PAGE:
Herbert Floss or Herbert Floß commander of the Sobibor extermination camp during the Holocaust in Poland.


Herbert Floss or Herbert Floß (25 August 1912 – 22 October 1943) an SS functionary of Nazi Germany  who served as acting commander of the Sobibor extermination camp during the Holocaust in Poland. He also served as cremation expert in Camp II Totenlager at the Treblinka extermination camp. 

Floss joined the NSDAP in 1930, the SA in 1931, and the SS in 1935. He served at Sobibor from its establishment in April 1942 until the uprising on 14 October 1943. Before entering service in Sobibor, Floss was stationed in Buchenwald  and several euthanasia centres. In the early period of Sobibor, Floss was the acting commander for a few weeks until he was succeeded by SS Oberscharführer Gustav Wagner.  NSDAP-nr.: 443 217 and SS-nr.: 276 962. In October 1980, Wagner was found with a knife in his chest in São Paulo. According to his attorney, Wagner committed suicide. His date of death was determined to be 3 October 1980.

Before the victims went into the gas chambers, he took their last possessions from them.

Floss as remembered by fellow Treblinka SS Scharführer Heinrich Matthes:  “Floss arrived at this time [November 1942], who, so I presume, must previously have been in another camp. He then had the installation built for burning the corpses. The incineration was carried out by placing railroad rails on blocks of concrete. The corpses were then piled up on these rails. Brush wood was placed under the rails. The wood was drenched with gasoline. Not only the newly obtained corpses were burnt in this way, but also those exhumed from the ditches.” 

By the end of July 1943, the Jewish “death brigade” in Camp II, supervised by SS man Floss, had cremated about 700,000 corpses. At Sobibor Floss also trained the Ukrainian guards. One week after the uprising he accompanied a group of them to Lublin. When the train was near Chełm he was overpowered and shot with his own machine pistol.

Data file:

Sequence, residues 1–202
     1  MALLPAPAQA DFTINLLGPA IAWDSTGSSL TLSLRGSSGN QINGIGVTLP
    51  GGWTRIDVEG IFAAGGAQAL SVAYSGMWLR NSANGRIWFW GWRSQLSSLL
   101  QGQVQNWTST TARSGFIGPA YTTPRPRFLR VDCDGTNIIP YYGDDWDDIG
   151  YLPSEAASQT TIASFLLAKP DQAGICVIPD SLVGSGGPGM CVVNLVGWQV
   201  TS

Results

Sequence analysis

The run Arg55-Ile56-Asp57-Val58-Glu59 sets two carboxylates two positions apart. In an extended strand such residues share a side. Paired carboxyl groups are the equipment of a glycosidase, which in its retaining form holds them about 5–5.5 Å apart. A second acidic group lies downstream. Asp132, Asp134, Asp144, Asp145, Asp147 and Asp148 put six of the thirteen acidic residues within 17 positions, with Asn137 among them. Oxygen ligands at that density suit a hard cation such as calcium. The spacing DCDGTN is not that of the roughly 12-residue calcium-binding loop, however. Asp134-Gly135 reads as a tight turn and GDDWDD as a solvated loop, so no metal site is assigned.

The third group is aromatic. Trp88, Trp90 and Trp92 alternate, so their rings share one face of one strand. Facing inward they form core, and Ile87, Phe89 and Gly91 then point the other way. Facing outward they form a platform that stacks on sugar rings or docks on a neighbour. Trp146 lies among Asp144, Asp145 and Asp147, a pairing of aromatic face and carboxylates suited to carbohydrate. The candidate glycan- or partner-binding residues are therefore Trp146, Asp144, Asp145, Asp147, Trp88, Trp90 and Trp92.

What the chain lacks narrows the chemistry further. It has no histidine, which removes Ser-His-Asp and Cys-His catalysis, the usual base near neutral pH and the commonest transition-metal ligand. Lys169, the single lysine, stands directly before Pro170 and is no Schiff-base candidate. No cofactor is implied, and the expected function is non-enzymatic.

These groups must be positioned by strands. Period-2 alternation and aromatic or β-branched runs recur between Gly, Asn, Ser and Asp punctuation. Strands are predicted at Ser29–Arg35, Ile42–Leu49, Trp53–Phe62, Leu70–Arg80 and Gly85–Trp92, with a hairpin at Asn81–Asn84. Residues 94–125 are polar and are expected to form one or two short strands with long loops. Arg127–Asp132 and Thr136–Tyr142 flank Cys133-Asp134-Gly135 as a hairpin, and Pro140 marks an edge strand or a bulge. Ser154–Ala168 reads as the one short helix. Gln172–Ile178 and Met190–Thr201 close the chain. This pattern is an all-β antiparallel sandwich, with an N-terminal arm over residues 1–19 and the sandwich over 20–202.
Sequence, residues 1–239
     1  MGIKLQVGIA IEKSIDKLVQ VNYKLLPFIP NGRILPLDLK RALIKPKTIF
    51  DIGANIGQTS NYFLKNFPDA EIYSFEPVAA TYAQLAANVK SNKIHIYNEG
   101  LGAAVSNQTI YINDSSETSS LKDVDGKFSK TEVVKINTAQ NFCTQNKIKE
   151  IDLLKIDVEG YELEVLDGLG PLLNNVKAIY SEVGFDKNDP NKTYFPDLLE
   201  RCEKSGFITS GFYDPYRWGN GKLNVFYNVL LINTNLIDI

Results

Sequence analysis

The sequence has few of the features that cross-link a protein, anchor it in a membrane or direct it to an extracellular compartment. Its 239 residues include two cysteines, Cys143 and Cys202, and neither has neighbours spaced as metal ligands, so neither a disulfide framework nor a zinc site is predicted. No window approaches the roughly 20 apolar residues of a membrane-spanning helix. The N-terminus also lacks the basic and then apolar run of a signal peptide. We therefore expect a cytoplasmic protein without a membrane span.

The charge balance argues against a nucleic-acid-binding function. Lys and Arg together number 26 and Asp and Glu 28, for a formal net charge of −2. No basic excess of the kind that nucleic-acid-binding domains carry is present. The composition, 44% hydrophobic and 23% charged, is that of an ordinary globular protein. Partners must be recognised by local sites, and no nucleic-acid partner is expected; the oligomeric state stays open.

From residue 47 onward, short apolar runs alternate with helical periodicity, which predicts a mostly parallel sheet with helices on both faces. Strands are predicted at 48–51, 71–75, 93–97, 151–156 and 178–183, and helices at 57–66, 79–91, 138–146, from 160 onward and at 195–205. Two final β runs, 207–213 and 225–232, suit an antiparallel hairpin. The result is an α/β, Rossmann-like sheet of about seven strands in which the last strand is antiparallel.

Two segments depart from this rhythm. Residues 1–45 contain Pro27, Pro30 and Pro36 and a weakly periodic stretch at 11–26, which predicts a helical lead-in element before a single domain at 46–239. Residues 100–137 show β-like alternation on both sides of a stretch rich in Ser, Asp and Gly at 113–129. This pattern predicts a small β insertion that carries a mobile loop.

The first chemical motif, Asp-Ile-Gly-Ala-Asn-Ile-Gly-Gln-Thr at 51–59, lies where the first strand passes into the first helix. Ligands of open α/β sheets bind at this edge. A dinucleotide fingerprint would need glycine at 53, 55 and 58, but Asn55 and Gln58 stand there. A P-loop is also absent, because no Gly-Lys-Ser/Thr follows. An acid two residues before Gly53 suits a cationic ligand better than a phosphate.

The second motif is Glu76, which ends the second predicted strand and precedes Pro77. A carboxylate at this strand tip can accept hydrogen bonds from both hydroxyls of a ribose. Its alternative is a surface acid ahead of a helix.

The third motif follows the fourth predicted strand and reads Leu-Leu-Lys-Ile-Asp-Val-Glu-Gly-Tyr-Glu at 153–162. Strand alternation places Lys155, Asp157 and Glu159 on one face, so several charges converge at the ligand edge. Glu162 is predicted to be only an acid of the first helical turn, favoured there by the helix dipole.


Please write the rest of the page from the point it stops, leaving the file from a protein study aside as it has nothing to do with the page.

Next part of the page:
“October 14, 1943, at about 17:00 hours, a revolt of Jews in the SS camp Sobibor, 40 km north of Chelm. They overpowered the guards, seized the armory and after a shutout with the camp garrison, escaped in an unknown direction. Nine SS killed. One SS wounded. One SS missing. Two guards of non-German nationality shot to death.

Approximately 300 Jews escaped. The remainder were shot to death or are now in the camp. Military Police and armed forces were immediately notified and took over the security of the camp at about l:00 hours (1:00AM, October 15). The area south and southwest of Sobibor is now being searched by police and armed forces.”

Twenty days after the revolt, on November 3, 1943, under the code-name Erntefest (Harvest Festival), the liquidation in other camps began. The results were staggering: 10,000 Jews were killed at Trawniki, 18,000 at Majdanek and an additional 15,000 in other camps; a total of 43,000 killed in six days.

After the revolt, some joined partisan units; others found shelter among sympathetic Poles. It is estimated that just 50 of the escapees survived the war.



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